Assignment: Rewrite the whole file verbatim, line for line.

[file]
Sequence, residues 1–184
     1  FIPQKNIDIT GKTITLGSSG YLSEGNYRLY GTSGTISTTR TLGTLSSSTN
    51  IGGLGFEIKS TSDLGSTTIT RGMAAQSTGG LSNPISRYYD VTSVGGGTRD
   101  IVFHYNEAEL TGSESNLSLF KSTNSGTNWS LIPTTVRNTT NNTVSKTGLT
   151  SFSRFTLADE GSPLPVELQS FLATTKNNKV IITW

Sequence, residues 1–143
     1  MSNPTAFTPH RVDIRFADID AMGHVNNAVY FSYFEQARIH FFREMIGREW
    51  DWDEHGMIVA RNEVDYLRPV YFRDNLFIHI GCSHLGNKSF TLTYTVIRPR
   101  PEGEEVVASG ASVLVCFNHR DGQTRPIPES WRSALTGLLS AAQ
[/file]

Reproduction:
Sequence, residues 1–184
     1  FIPQKNIDIT GKTITLGSSG YLSEGNYRLY GTSGTISTTR TLGTLSSSTN
    51  IGGLGFEIKS TSDLGSTTIT RGMAAQSTGG LSNPISRYYD VTSVGGGTRD
   101  IVFHYNEAEL TGSESNLSLF KSTNSGTNWS LIPTTVRNTT NNTVSKTGLT
   151  SFSRFTLADE GSPLPVELQS FLATTKNNKV IITW

Sequence, residues 1–143
     1  MSNPTAFTPH RVDIRFADID AMGHVNNAVY FSYFEQARIH FFREMIGREW
    51  DWDEHGMIVA RNEVDYLRPV YFRDNLFIHI GCSHLGNKSF TLTYTVIRPR
   101  PEGEEVVASG ASVLVCFNHR DGQTRPIPES WRSALTGLLS AAQ